Past performance is not a guide to future performance. The value of an investment and the income from it can fall as well as rise and you may not get back the amount originally invested.

The information in this article does not qualify as an investment recommendation.

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Please read the following important information regarding funds related to this article.

Henderson High Income Trust plc

Before investing in an investment trust referred to in this document, you should satisfy yourself as to its suitability and the risks involved, you may wish to consult a financial adviser.

Past performance is not a guide to future performance. The value of an investment and the income from it can fall as well as rise and you may not get back the amount originally invested. Tax assumptions and reliefs depend upon an investor’s particular circumstances and may change if those circumstances or the law change.

Nothing in this document is intended to or should be construed as advice. This document is not a recommendation to sell or purchase any investment. It does not form part of any contract for the sale or purchase of any investment.

Issued in the UK by Janus Henderson Investors. Janus Henderson Investors is the name under which investment products and services are provided by Janus Capital International Limited (reg no. 3594615), Henderson Global Investors Limited (reg. no. 906355), Henderson Investment Funds Limited (reg. no. 2678531), AlphaGen Capital Limited (reg. no. 962757), Henderson Equity Partners Limited (reg. no.2606646), (each registered in England and Wales at 201 Bishopsgate, London EC2M 3AE and regulated by the Financial Conduct Authority) and Henderson Management S.A. (reg no. B22848 at 2 Rue de Bitbourg, L-1273, Luxembourg and regulated by the Commission de Surveillance du Secteur Financier). We may record telephone calls for our mutual protection, to improve customer service and for regulatory record keeping purposes.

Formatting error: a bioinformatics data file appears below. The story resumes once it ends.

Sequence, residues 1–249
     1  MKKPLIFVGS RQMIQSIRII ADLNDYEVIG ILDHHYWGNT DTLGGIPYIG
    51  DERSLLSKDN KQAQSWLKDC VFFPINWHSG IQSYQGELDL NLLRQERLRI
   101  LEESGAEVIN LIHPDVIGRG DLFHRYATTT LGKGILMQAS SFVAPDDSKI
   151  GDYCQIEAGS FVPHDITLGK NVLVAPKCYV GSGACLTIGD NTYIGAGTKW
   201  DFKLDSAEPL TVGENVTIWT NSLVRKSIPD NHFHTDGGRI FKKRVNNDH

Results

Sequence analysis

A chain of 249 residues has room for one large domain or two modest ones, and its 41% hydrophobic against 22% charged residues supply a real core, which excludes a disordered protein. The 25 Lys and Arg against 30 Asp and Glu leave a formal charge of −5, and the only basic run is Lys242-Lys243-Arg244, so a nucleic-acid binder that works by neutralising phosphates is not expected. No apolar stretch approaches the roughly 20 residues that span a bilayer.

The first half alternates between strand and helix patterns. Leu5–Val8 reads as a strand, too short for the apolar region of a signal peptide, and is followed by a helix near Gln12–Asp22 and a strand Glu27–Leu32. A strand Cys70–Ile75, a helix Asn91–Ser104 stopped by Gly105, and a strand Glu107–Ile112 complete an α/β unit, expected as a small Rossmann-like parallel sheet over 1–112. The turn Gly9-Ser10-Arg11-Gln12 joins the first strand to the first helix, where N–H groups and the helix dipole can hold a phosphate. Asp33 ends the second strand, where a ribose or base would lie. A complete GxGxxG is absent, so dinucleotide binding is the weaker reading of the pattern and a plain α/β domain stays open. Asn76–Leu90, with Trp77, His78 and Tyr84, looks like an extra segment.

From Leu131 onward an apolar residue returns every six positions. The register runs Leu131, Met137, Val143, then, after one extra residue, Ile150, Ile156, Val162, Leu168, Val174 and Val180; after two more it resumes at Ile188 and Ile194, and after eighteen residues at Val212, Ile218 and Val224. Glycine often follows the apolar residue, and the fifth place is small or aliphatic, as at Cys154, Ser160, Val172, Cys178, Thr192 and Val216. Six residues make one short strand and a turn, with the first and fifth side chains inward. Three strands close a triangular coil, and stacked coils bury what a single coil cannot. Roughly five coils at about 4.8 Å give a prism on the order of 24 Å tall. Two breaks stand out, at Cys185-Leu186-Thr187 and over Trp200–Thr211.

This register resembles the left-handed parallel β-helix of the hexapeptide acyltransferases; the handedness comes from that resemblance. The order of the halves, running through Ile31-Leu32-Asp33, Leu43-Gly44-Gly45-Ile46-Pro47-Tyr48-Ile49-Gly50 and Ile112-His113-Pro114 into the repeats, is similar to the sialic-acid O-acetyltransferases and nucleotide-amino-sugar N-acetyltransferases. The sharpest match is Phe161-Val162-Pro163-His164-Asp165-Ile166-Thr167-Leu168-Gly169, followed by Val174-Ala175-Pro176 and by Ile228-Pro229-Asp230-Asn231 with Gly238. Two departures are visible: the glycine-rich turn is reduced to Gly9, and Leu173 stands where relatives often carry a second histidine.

Specific risks

  • Active management techniques that have worked well in normal market conditions could prove ineffective or detrimental at other times.
  • This trust is suitable to be used as one component in several in a diversified investment portfolio. Investors should consider carefully the proportion of their portfolio invested into this trust.
  • The trust could lose money if a counterparty with which it trades becomes unwilling or unable to meet its obligations to the trust.
  • If a trust's portfolio is concentrated towards a particular country or geographical region, the investment carries greater risk than a portfolio diversified across more countries.
  • The return on your investment is directly related to the prevailing market price of the trust’s shares, which will trade at a varying discount (or premium) relative to the value of the underlying assets of the trust. As a result losses (or gains) may be higher or lower than those of the trust’s assets.
  • Shares can lose value rapidly, and typically involve higher risks than bonds or money market instruments. The value of your investment may fall as a result.
  • The trust may use gearing as part of its investment strategy. If the trust utilises its ability to gear, the profits and losses incured by the trust can be greater than those of a trust that does not use gearing.
  • All or part of the trust's management fee is taken from its capital. While this allows more income to be paid, it may also restrict capital growth or even result in capital erosion over time.
  • Some of the investments in this portfolio are in smaller companies shares. They may be more difficult to buy and sell and their share price may fluctuate more than that of larger companies.